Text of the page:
holocaust exhibit

The exhibit will be active and available to the public until Oct. 7. 

Two and a half years ago, Gonzaga University's Foley Library applied to host the "Americans and the Holocaust" traveling exhibition. This year, the exhibit has finally come to campus and arrived last Tuesday.

Out of more than 250 applicants, 50 libraries (both public and academic)were selected to host. Foley library is the only library in Washington State that was selected.

Located on the third floor of Foley in the Cowles Rare Reading Room, the exhibit opened to the public Aug. 23 and runs through Oct. 7. The exhibit features photographic reproductions of original primary source content at the Holocaust museum in Washington D.C., as well as interactive tablets and audio recordings.

Walk-in hours are on Wednesday from 3-8 p.m. and Saturday and Sunday from 1-5 p.m. until Sept. 30, and students and community members can also schedule private tours.

Brad Matthies, the associate dean for library services at Foley, is excited for students to be able to experience the exhibit.

"The exhibit is based on a 10-year research project from [the] U.S. Holocaust Memorial Museum, and this is what I like to call … a snapshot of the big exhibit in Washington, D.C.," Matthies said. "You have photographic reproductions and some interpretation of the data. You'll see that in graphs, but also each section has a multimedia component. Some of them have sound, so there's a little headset you can listen to [and] watch the information." 

Matthies said his favorite part of the exhibit is a portion that's based on the American Newspaper Project, which is something that the Holocaust museum in the nation's capital created.

"What they ended up doing was they crowd-sourced historians, scholars, history buffs and even college students [and] professors in every state to locate newspaper articles and clippings from the ... late 1930s into mid-1940s," Matthies said. "On that interactive tablet, you can pick any state in the Union ... and hopefully see how your hometown newspaper was actually covering ... the Holocaust." 

The four main questions that the exhibit asks guests to consider are "What did Americans know about the Holocaust?", "Did Americans help Jewish refugees?", "Why did we go to war?" and "How did we respond to the Holocaust?" Through the information provided, guests will be able to learn more about the role the United States played during the Holocaust and hopefully be able to answer the questions for themselves. 

With the exhibit being open to the wider Spokane community, students from surrounding schools will also have the opportunity to visit the exhibit and implement the exhibit into their curriculum.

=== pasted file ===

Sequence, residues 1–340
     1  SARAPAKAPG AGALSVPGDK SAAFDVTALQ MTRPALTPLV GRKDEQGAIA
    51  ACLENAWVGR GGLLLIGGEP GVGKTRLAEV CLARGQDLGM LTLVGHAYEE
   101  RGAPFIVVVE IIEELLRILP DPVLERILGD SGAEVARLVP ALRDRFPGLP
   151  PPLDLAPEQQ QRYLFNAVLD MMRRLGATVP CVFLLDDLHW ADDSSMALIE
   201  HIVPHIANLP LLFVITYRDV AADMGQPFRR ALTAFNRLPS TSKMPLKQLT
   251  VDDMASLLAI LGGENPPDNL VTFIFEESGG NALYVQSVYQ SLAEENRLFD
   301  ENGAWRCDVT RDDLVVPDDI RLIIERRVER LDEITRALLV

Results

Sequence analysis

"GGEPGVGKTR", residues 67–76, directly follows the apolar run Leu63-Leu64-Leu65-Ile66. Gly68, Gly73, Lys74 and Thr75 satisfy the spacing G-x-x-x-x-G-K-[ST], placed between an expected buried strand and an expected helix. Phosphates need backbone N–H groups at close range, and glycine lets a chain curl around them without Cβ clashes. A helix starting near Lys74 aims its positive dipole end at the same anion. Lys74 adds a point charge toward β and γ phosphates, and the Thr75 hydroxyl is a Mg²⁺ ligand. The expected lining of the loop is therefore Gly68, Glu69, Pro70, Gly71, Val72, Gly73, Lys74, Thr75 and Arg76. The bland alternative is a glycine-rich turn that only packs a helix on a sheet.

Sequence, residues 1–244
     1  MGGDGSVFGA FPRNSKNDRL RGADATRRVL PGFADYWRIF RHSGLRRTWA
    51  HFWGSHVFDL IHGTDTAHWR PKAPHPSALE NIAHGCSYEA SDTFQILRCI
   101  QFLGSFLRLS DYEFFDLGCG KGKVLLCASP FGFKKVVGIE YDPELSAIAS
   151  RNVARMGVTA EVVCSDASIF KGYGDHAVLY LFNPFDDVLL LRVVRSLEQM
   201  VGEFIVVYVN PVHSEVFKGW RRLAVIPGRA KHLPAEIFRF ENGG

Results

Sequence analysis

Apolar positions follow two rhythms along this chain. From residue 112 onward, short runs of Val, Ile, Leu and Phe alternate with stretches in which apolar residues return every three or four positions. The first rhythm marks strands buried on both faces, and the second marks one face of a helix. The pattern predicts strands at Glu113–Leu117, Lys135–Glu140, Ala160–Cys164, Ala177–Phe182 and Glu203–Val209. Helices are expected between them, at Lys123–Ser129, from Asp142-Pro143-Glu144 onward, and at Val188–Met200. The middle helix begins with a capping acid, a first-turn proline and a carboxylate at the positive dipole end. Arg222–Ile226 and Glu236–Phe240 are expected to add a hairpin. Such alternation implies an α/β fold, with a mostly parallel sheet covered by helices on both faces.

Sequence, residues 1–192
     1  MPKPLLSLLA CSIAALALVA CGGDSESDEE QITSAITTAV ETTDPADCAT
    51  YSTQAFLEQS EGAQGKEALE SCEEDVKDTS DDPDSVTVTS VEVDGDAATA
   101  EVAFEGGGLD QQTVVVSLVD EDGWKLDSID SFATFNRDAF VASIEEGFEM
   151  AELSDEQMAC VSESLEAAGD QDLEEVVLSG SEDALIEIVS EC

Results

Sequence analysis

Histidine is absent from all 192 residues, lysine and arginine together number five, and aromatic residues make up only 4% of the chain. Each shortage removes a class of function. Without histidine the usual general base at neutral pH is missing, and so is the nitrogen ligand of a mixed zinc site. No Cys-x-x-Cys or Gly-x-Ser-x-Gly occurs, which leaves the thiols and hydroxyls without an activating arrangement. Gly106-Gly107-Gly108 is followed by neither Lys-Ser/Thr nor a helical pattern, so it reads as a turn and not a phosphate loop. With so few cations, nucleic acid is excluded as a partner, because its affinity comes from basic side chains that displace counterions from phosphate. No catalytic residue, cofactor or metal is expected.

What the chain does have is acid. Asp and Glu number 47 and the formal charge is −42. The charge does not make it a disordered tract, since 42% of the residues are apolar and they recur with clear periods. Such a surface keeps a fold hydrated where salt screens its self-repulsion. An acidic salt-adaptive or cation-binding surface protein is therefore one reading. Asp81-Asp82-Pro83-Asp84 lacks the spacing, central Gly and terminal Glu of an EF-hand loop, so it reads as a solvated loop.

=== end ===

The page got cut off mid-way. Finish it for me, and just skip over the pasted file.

Three schools are lined up to visit the exhibit and complete an activity for an assignment, as well as have lesson plans and take-home homework related to the Holocaust.

"Between those three schools, we're probably going to see somewhere between 900 and 1,000 schoolkids go through that, so I'm pretty stoked about that,” Matthies said. "It's the schools that are within the Opportunity Northeast and Center for Community Engagement Service District, so those are generally underserved schools that don’t necessarily get those kinds of opportunities." 

In addition to the exhibit, there will be an event on Sept. 8 called "Americans and the Holocaust: Remembering Our Past to Inform Our Future."  The event will be at 7 p.m. and will be free for the public to attend. There will be multiple guest speakers, including Holocaust survivor Carla Peperzak, who will be interviewed by the Holocaust Center for Humanity based in Seattle and will talk about her experience being a Dutch Jew during the Holocaust. 

Professor Kevin O’Connor from the history department will introduce Peperzak at the event. O'Connor teaches history courses on Russian civilization and Nazi Germany and emphasized the importance of learning about events like these, especially as they become more distant in a chronological sense. 

"[This is] a great opportunity for Gonzaga to model historical awareness for its students [and] to expose them to events and history that most Americans and probably most college students, especially those just entering university ... probably have very little awareness of," O'Connor said. "I think that it's important for Gonzaga to seize these opportunities whenever they present themselves." 

The Jewish Bulldogs will also be putting on an event in late September and are one of the main campus supporters of the exhibit. The event will include music and food and will be a space for students to come together and celebrate Jewish culture. 

Cassie Gittelson, a junior and member of the club, emphasized how the goal of the event is to showcase the positive aspects of the Jewish community.  

"We really want to bring to light how Jews have thrived after the Holocaust and make sure that people understand that just because these atrocities have happened to us doesn't mean that Judaism isn't thriving, and [doesn't mean] that Judaism isn't still very alive," Gittelson said. "Especially in relationship to the recent uprise in antisemitism, I think it's really important that we remember those we've lost and celebrate those that we still have and try to make sure that nothing like this ever happens again and not just to Jews, but to everyone." 

For more information on the Americans and the Holocaust Exhibit, be sure to visit the website: www.gonzaga.edu/holocaustexhibit.

Sophia McKinstry is a diversity editor. Follow her on Twitter: @sophvmckinstry.